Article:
Comebacks are all the rage at the moment, and the latest band to reform are Pulp, and with the Isle of Wight being their first show on UK soil, excitement and expectation was high. Pulp were a band who, after almost 15 years on the fringes of music, finally saw their eccentric approach to music gel with the newfound love of all things British in the mid-90s, before splitting up almost ten years ago. From the moment they arrived on stage it was as if those intervening years never happened. The bands' theatrical flair hasn't left them either, with a black sheet blocking the front of the stage while a video sequence played out prior to the show.

Pulp
Once this was dropped away revealing the band, frontman Jarvis Cocker, wearing a green cord suit and heavy black glasses – looking every inch the lovelorn geek that is the focus for many of his songs, captivated the audience, throwing sweets and grapes into the crowd because "you all look hungry". Musically they were as tight as ever and the show was a greatest hits catalogue, largely drawn from 'Different Class' and 'His and Hers'. If you want to look deeper into their songs, the everyman nature of songs such as 'Common People' probably has even more resonance now in a recession hit UK, than it did then when the world was our oyster. But equally it's just a damn fine song to sing with – something most of the crowd appreciated.

Considering how packed the main stage was for Pulp, I was surprised to see how even more backed the Big Top was for Tom Jones. The word 'legend' is one that is bandied about a lot these days, but surely it must apply to Tom. With a career spanning six decades, he has managed to remain musically relevant through most of them, whilst still remaining essentially true to his own style. The front row of the audience was a pretty even split of men in Welsh rugby tops, carrying flags and women with knickers ready. Even the 20 minute delay in arriving didn't reduce the crowds excitement, with spontaneous outbreaks of 'Delilah' heard throughout the wait.

Tom Jones
Once on stage he started by performing songs from the new album 'Praise and Blame' – a collection of old gospel classics, before moving on to his old favourites, Luckily Tom is well known for his powerful voice, which was needed to be heard above the packed crowd singing along to the aforementioned 'Delilah', 'She's a Lady' and 'What's New Pussycat?'. As he enters his 70's he shows no signs of stopping, and when he's as good as this who can blame him.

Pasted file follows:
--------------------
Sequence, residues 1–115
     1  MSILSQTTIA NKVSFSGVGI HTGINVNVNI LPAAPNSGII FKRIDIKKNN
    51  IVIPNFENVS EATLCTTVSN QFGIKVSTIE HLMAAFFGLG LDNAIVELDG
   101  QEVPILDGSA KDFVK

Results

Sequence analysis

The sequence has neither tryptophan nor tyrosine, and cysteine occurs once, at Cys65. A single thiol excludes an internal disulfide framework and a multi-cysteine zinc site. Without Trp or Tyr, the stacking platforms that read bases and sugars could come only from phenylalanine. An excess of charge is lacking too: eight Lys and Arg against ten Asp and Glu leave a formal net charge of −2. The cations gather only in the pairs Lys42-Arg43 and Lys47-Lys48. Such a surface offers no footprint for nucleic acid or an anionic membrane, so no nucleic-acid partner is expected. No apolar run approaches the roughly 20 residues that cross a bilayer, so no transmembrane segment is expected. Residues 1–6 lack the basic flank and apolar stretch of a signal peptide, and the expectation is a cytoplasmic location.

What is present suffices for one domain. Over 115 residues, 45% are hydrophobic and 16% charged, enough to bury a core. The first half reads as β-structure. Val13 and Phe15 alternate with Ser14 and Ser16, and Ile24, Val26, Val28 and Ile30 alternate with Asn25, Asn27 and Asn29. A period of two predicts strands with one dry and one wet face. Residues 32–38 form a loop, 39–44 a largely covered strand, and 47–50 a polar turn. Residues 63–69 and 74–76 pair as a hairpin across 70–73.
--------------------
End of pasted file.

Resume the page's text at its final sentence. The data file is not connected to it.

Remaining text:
Another man who history will no doubt confer the moniker of legend on is Dave Grohl, first as drummer for Nirvana, then as front man for the Foo Fighters he has managed to cement himself a place in history as one of the most exciting live performers. The man is almost as energetic as Iggy Pop and the rest of the band stand respectfully at the back of the stage allowing him plenty of space to run about performing every rock guitar pose in the book. Despite this running about somehow he manages to maintain strong vocals and energetic guitar-work throughout.

The hits come thick and fast – Foo Fighters are one of those bands that always surprise you as to how much of their music you know. Whilst you expect the likes of 'Monkey Wrench', 'Times Like These' and 'All My Life', other songs catch you by surprise, and 'Learning To Fly', 'Hero' and 'DOA' come at you from nowhere – reminding you why you love this band so much. All too quickly the two hour show came to an end, leaving the crowd wanting more and setting a high bar for the final day of the festival.

Foo Fighters
review by: Steve Collins / Marie Magowan

photos by: Steve Collins

Friday 10th to Sunday 12th June 2011
Seaclose Park, Newport, Isle of Wight, PO30 2DN, England MAP
£175 weekend with camping - SOLD OUT
daily capacity: 60000
last updated: Wed 8th Jun 2011